Permanent residence for Iraqis who aided Australian troops
14 April 2008
For concise and recent immigration information watch our news.• Media Center » Video Immigration News
As Australia gets set to withdraw its troops from southern Iraq, the government is extending its thanks to Iraqi employees who provided support services by allowing them to apply for permanent residence.
The Australian government will adopt a new visa policy for what they term "Locally Engaged Employees" (LLEs) which include Iraqi support personnel such as translators and interpreters. Because of their association with Australian troops, the government considers them at risk in the war-torn country.
- 02 December 2013 Kiribati man's climate change asylum bid fails
- 29 November 2013 Migrants prepare to take advantage of Australia Indonesia dispute
- 26 November 2013 Australian immigration minister exempts highly skilled workers from LMT
- 26 November 2013 Australian unions speak out about 457 visa 'abuse'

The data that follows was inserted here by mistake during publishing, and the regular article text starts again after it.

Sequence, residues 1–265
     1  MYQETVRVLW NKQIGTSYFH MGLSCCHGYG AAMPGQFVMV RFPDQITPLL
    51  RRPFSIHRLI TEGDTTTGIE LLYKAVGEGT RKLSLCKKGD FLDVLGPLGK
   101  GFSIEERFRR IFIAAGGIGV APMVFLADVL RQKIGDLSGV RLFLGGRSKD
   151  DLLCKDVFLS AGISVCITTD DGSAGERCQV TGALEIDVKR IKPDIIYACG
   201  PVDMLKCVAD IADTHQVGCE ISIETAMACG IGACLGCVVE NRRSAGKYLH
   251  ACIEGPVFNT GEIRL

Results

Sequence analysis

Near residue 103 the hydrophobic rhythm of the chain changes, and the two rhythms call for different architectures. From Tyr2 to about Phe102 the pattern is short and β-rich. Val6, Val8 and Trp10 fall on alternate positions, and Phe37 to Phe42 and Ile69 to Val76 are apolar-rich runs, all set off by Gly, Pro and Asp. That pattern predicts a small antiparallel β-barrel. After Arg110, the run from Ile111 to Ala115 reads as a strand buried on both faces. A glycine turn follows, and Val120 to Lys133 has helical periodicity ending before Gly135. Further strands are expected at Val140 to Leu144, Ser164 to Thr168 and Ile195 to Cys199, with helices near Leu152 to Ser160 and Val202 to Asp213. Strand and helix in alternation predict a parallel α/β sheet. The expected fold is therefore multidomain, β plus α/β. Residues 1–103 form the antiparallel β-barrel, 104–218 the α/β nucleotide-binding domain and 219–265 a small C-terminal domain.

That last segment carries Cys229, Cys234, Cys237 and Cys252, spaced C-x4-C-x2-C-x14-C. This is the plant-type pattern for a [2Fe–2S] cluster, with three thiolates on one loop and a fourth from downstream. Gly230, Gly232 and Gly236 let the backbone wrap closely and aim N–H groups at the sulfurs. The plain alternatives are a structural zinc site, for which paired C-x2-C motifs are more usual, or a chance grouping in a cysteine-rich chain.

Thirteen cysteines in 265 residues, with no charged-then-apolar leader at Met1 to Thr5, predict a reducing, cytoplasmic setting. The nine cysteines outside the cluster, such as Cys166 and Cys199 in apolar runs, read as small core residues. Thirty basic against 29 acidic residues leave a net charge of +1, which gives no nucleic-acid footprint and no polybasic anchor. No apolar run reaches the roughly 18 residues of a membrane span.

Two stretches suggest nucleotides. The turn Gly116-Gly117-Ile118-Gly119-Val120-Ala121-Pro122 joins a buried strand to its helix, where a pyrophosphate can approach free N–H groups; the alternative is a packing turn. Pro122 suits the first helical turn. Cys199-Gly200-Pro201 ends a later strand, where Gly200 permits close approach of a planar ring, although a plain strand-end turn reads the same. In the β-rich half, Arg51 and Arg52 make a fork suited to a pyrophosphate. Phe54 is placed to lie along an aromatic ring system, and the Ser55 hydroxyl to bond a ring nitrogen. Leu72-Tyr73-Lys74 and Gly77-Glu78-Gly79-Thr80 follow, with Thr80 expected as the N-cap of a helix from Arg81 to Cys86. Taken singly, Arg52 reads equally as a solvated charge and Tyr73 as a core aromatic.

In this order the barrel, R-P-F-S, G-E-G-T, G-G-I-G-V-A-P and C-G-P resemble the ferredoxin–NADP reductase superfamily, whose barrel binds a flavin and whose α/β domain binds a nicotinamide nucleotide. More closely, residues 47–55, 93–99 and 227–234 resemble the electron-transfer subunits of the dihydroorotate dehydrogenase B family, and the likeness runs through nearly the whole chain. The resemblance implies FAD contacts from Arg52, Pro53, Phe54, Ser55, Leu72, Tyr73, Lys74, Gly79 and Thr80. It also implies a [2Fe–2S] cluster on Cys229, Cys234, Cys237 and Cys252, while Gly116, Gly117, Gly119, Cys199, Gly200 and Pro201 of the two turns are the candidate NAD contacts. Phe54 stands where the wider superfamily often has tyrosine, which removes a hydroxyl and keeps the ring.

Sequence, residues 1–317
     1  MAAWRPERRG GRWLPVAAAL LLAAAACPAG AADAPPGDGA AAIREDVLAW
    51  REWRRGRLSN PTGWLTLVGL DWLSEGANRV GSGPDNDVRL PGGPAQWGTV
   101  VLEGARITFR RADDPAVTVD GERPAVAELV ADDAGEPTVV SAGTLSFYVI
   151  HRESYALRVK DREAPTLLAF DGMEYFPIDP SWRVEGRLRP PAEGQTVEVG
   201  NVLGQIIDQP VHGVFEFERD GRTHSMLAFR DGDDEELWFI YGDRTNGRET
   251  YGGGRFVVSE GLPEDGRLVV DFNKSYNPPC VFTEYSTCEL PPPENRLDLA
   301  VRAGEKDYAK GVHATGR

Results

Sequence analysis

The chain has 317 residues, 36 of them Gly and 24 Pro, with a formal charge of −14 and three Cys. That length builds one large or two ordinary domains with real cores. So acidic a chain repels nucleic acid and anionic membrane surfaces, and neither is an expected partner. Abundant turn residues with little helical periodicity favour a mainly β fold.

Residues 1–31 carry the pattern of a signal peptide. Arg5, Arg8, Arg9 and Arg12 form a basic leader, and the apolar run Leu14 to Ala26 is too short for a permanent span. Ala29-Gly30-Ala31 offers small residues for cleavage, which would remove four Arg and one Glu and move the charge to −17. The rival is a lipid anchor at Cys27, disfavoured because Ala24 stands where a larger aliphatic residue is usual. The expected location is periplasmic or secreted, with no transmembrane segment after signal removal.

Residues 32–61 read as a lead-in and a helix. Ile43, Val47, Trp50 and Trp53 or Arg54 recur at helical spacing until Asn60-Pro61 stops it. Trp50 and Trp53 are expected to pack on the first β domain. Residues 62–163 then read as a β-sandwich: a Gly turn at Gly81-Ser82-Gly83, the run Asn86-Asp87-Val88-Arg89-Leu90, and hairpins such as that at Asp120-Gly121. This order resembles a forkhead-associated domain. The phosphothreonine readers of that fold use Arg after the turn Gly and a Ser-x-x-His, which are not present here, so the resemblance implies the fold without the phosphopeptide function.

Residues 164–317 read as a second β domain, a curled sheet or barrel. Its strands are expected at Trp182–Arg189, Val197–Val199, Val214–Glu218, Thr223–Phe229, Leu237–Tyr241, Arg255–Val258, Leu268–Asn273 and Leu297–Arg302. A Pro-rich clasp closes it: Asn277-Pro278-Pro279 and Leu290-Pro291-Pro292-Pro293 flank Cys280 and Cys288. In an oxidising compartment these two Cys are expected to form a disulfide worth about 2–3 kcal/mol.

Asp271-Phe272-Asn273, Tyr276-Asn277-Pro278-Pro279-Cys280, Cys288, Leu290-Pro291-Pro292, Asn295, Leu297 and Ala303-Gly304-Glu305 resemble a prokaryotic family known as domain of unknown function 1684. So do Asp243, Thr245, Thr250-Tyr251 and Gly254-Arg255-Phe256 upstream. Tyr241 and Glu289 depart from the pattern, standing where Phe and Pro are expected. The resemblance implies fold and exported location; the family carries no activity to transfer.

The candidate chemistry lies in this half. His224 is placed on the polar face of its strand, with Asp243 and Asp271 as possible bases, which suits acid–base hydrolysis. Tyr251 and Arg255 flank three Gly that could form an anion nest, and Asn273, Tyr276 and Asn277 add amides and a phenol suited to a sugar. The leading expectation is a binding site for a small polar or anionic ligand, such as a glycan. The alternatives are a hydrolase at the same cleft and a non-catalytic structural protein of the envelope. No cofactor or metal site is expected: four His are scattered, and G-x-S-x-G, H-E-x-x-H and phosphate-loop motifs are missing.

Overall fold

The policy will only apply to LLEs and their families specifically designated by the Australian government as being eligible for the humanitarian visas. Immigration authorities expect to grant up to 600 humanitarian visas under the new policy.
No specific time-period has been announced about when LLEs can apply for permanent residence, but according to the Australian Department of Immigration and Citizenship, the first group to benefit from the new visa policy will be "a select group of Iraqis who have worked for, or with, the withdrawing elements of the Australian Defence Force commitment to Iraq."
Australia is well-known for welcoming immigrants. Australia's humanitarian visa stream is one of three main immigration streams (quotas) under which people can migrate to Australia; the other two are the family stream and the skilled stream.